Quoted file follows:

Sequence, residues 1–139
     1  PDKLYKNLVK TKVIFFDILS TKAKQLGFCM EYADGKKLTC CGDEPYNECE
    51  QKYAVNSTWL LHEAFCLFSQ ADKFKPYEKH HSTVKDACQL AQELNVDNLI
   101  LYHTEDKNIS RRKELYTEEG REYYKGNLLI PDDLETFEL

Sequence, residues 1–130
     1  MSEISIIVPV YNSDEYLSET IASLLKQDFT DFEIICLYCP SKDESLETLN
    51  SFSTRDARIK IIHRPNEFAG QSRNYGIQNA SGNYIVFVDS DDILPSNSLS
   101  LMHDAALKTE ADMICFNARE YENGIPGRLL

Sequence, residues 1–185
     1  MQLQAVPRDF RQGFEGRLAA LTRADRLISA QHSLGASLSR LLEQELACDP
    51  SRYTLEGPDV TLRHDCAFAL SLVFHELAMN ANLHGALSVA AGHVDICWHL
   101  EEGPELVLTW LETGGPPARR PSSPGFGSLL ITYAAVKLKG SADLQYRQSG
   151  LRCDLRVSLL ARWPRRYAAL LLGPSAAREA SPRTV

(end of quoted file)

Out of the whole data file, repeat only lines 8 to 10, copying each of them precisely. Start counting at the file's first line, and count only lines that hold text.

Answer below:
   101  LMHDAALKTE ADMICFNARE YENGIPGRLL

Sequence, residues 1–185
     1  MQLQAVPRDF RQGFEGRLAA LTRADRLISA QHSLGASLSR LLEQELACDP